Alongside the pan-European firms stepping up their efforts in Switzerland, there are local players that are active, particularly at the smaller end of the market. Family-run businesses have traditionally been an important source of deal flow for the Swiss buyout houses, but doing deals in this segment of the market can be a difficult. As Bugnone points out: ?What is clear is that it is more difficult to buy businesses off families in Switzerland than it is in Northern Europe. Generally, this has a lot to do with the level of advice given to vendors. But those businesses in serious trouble will still come to the market.?

Prices are moving
The challenge for buyout funds operating in Switzerland will be to convince owners of smaller and mid-market enterprises, which make up the backbone of the economy and account more than 80 per cent of GDP, of the merits of seeking private equity backing. ?What will drive the number of transactions in Switzerland is the broader know-how in the market place that an MBO is an interesting option for succession solutions and spin-offs. We therefore strive to increase the water level in the lake while tailoring transaction structures to satisfy the vendors' very individual preferences,? explains Tobias Ursprung, investment director at Zurich-based Capvis Equity Partners, which has been investing in Swiss buyouts since 1990.

?Troubled businesses will come to the market?

There is another, more ambivalent factor affecting deal flow in Switzerland: price. As Ursprung's colleague Rolf Friedli, a partner at Capvis, points out, sellers are slowly adapting to the change in valuations, and private equity houses are beginning to see more realistic pricing. He says: ?Two years ago, private equity houses were paying wild prices. Now, sellers have a more realistic idea of what companies are worth. This will drive activity.?

What is noticeable is that price adjustments are taking place mostly among distressed firms and family-run businesses. Corporate sellers under no particular pressure to improve their balance sheets that are nevertheless looking to unload assets that no longer fit their strategy don't appear to be willing to compromise much on valuations at all quite yet. A recent example was Swiss drugmaker Novartis' decision to postpone the planned sale of its health food and sport nutrition businesses, after sufficiently attractive offers had failed to materialise.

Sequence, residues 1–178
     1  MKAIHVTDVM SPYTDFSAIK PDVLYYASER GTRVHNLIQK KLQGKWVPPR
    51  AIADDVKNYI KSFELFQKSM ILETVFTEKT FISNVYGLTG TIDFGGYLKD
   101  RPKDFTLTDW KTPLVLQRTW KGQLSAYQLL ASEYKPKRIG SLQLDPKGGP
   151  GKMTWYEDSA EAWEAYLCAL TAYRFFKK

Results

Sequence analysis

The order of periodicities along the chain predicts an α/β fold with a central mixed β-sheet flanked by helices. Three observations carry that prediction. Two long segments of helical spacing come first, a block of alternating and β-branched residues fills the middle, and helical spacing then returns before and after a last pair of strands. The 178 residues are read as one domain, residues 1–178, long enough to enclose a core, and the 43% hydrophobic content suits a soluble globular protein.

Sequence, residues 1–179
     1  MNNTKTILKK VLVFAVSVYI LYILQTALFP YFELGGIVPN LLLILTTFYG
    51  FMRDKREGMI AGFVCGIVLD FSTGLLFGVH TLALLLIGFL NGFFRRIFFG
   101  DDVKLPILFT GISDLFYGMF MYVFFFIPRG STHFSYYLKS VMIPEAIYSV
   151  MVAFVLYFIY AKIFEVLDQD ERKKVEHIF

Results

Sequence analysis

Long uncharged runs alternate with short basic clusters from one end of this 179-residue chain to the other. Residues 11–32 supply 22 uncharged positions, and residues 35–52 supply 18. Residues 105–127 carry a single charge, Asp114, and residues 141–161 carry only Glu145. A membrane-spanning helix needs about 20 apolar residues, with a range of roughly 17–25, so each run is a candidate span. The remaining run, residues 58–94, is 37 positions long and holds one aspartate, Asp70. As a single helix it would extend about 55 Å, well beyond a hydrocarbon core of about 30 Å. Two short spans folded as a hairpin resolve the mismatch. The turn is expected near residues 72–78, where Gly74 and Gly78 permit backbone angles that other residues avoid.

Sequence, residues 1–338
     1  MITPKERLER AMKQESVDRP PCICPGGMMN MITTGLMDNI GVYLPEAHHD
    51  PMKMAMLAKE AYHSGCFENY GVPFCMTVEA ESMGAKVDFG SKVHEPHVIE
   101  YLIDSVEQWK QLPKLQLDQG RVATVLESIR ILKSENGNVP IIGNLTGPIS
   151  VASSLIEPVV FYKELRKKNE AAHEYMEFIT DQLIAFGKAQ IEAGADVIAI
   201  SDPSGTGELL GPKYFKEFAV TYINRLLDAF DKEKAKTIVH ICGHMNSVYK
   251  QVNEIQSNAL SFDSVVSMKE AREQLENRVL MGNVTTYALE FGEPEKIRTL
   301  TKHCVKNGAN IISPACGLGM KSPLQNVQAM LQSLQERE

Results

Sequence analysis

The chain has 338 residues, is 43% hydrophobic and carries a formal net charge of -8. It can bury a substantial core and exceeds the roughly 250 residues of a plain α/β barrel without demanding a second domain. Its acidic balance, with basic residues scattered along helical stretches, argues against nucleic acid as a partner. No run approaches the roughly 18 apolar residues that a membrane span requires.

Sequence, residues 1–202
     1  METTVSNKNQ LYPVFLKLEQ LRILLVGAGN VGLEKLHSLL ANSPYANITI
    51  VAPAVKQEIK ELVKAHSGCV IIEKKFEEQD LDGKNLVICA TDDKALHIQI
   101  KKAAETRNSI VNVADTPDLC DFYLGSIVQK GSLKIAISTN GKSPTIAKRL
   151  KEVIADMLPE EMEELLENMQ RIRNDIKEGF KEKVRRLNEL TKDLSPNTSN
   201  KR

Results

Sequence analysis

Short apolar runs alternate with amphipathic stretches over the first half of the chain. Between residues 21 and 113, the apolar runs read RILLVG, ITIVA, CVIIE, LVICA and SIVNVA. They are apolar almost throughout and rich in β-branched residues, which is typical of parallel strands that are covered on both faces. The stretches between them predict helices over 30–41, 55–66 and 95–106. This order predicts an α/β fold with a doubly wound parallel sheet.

?I think we will see a further economic decline next year,? predicts UrbanSchwerzmann, vice president of corporate finance at Global Capital Finance, an investment banking boutique operating out of Zurich. ?If we are talking about family owned businesses or sales of businesses in order to create liquidity as seen with ABB, then entry prices will go down. If it's a strategic spin-off such as the sale of the Swiss flagship brand Ovomaltine by Novartis to British Foods, then that is more difficult.?

Lenders are cautious
Nevertheless, it is still early days for succession sales and price adjustments and it would be wrong to expect a sudden flow of deal completions any time soon. There is a small but compelling list of reasons why deals are still difficult to complete in Switzerland.

One significant obstacle affecting buyout houses is that lending banks are operating with extreme caution. Local debt providers, principally Credit Suisse and UBS, which together account for around 45 per cent of total lending in Switzerland, are less inclined to supply finance to a deal at present. Market participants report that lenders are putting pressure on businesses to repay debt and are reluctant to arrange new credit lines in a bid to reduce their overall exposure to corporate loans.

The current weakness in the Swiss banking sector presents non-Swiss players with the opportunity to win business in the region. Schwerzmann at Global Capital Finance predicts that the market share of UBS and Credit Suisse in the debt market will go down relative to foreign banks. ?It is obvious that they built up their loan books considerably over the past two years without really syndicating. Now they are starting to realise that they need to scale that down.? Among other firms Schwerzmann cites as still active lenders in the market are BNP Paribas, Royal Bank of Scotland, Bank of Scotland and Deutsche Bank.

Josef Stadler, head of investment banking at JP Morgan in Switzerland, is less confident that the balance of power is indeed shifting. ?Is there an advantage to us? This remains to be seen. Swiss competitors may be more cautious these days but they have not stopped lending. But it does look as though they generally apply more conservative loan to value ratios in the current LBO environment.?

To the buyout community, it won't matter to what extent foreign lenders will be able to grab market share in Switzerland, as long as leveraged finance remains available one way or another. What they want to see is corporate restructurings, family owners working through succession issues and attractive asset prices to further drive the buyout market going forward. 2003 could be successful year for the industry.